Shelby County v Holder  570 US 529 is a significant US Supreme Court case concerning the constitutionality of Sections 4 and 5 of the Voting Rights Act 1965. This case had a major impact on voting rights in the United States, particularly with regard to the enforcement of the Voting Rights Act of 1965.
The case originated in Shelby County, Alabama, which had a history of racial discrimination in voting. Under Section 5 of the Voting Rights Act of 1965, certain jurisdictions with a history of voting discrimination were required to obtain federal preclearance before making changes to their voting laws or practices. This preclearance process was intended to prevent discriminatory voting changes.
Section 5 required certain states and local jurisdictions, primarily in the Southern states, to undergo a process known as preclearance before implementing any changes to their voting laws or practices. This process involved obtaining approval from either the US Attorney General or a three-judge panel of the US District Court for the District of Columbia.
The purpose of Section 5 was to prevent these jurisdictions from implementing changes that could potentially discriminate against minority voters, particularly African Americans who had historically faced voting discrimination. Preclearance required these jurisdictions to demonstrate that proposed voting changes, such as redistricting, changes in polling locations, or alterations to registration requirements, would not have a discriminatory impact on minority voters.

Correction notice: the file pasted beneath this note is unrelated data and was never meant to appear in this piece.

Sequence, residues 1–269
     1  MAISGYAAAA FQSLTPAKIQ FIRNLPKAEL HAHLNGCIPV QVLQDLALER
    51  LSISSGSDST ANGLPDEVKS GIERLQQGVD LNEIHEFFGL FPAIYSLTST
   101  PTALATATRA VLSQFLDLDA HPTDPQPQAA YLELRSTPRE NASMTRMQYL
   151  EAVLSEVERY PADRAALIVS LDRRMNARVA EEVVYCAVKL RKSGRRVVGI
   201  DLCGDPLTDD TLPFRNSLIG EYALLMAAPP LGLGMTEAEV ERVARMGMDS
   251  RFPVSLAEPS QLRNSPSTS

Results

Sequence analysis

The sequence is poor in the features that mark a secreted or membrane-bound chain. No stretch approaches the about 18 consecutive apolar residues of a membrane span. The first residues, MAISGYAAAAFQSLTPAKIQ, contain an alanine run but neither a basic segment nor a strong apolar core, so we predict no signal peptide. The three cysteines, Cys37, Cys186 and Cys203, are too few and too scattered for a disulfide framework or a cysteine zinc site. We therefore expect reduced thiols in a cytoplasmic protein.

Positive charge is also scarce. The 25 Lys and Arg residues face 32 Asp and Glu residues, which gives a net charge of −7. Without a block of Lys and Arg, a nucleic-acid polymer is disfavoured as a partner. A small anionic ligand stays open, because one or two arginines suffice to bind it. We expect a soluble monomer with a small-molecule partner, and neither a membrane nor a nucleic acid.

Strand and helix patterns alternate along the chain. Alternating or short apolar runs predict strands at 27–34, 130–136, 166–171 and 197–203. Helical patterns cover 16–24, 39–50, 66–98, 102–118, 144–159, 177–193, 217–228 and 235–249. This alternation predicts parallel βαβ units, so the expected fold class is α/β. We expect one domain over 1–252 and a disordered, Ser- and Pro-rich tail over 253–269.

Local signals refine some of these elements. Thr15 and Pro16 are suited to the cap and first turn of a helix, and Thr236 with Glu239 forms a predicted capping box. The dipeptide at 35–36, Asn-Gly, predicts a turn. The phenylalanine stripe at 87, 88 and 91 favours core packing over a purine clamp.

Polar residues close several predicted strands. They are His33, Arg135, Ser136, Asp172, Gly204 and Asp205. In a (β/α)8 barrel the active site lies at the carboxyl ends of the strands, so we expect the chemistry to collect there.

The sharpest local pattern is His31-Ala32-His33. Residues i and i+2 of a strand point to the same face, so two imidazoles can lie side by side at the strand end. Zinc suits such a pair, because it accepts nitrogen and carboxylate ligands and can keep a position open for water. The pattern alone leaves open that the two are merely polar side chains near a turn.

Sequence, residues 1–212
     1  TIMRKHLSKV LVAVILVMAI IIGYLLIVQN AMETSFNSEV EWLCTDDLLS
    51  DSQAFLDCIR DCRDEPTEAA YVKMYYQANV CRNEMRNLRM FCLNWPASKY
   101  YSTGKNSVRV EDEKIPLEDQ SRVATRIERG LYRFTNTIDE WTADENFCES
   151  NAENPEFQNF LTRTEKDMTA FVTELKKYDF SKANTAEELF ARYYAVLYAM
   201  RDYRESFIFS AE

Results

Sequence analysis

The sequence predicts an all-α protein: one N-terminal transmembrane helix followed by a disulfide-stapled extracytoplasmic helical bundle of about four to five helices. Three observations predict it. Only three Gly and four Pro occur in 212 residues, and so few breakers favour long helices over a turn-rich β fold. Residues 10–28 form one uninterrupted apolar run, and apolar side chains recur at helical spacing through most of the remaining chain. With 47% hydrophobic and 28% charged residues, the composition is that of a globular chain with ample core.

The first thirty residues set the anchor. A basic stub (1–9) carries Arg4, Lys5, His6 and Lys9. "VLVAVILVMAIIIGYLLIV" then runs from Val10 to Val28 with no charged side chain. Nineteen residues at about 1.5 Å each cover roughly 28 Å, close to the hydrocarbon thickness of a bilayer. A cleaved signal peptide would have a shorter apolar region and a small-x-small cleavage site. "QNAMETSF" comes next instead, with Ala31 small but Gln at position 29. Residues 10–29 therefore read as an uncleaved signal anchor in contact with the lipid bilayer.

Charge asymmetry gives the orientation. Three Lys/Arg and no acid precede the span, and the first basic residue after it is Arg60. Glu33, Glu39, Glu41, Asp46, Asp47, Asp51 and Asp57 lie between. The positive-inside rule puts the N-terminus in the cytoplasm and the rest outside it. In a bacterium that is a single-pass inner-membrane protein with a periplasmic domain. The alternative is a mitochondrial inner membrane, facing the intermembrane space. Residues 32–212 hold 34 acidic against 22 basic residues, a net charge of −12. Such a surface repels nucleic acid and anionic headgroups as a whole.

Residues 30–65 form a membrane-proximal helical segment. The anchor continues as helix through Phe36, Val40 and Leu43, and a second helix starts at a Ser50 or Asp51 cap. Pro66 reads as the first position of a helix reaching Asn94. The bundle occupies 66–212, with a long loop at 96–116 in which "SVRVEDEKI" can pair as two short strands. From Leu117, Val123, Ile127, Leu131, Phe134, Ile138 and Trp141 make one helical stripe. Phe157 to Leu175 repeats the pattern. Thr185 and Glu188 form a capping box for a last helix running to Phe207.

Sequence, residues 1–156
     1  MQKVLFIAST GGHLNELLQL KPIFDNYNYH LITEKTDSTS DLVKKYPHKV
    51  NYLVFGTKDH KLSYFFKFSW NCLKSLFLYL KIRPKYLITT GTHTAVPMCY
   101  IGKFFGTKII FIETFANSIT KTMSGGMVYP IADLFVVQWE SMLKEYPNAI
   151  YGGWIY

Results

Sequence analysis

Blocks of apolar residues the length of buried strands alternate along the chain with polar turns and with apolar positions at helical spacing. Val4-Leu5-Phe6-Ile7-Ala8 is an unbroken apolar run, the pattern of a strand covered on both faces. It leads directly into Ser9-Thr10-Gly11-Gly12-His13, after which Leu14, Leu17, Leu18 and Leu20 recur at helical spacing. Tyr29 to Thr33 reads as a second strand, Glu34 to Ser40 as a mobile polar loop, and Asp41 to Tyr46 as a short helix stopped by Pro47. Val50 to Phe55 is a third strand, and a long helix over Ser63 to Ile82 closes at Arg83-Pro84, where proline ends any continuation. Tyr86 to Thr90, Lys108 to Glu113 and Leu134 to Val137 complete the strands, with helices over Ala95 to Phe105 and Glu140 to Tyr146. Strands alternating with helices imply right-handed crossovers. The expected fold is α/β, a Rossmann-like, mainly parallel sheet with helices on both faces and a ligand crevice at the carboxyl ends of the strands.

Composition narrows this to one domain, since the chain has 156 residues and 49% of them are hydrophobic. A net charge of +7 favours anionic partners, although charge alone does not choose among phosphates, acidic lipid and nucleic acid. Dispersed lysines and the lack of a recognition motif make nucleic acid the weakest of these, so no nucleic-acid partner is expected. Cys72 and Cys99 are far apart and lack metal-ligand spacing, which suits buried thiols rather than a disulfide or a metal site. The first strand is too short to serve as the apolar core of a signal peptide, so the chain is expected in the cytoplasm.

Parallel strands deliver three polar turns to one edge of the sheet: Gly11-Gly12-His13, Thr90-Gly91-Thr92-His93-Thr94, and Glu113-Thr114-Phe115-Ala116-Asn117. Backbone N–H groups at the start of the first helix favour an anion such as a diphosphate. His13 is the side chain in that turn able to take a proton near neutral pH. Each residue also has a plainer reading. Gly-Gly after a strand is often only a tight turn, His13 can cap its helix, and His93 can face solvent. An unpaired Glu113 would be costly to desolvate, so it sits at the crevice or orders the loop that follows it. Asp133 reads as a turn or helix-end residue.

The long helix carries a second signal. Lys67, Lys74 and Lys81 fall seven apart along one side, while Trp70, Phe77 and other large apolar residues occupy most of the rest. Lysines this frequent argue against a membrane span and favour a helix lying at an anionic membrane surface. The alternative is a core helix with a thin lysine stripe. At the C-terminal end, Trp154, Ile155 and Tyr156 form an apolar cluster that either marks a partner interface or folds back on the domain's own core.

Shelby County, Alabama, brought a lawsuit challenging the constitutionality of Section 5, specifically the formula under Section 4 used to determine which jurisdictions were subject to preclearance. Shelby County argued that the formula was outdated and that it unfairly subjected some jurisdictions to federal oversight based on historical discrimination that was no longer relevant.
The formula covered jurisdictions that, as of November 1964, November 1968, or November 1972, maintained a prohibited test or device as a condition of registering to vote or voting. These tests or devices were often used to disenfranchise minority voters, particularly African Americans. Common examples included literacy tests and other discriminatory requirements.
In addition to the presence of prohibited tests or devices, the formula also looked at voter turnout. It covered jurisdictions where less than 50 percent of the voting-age population either were registered to vote or actually voted in the presidential elections held in those specific years.
In a 5-4 decision, the Supreme Court ruled in favour of Shelby County, holding that the coverage formula in Section 4 was unconstitutional. Chief Justice John Roberts, writing for the majority, argued that the formula was based on outdated data and violated the principle of equal sovereignty among states.
The ruling effectively invalidated the preclearance requirement in Section 5, rendering it inoperable unless Congress could come up with a new coverage formula that met the Supreme Court's criteria. This decision had significant implications for voting rights enforcement, particularly in states with a history of racial discrimination in voting.
The Supreme Court's decision sparked debates and concerns about the future of voting rights in the United States, racial discrimination in the voting system, and the balance between federal oversight and state autonomy in election matters. In particular, some critics argued that it opened the door to potential voter suppression efforts in states that were previously subject to preclearance.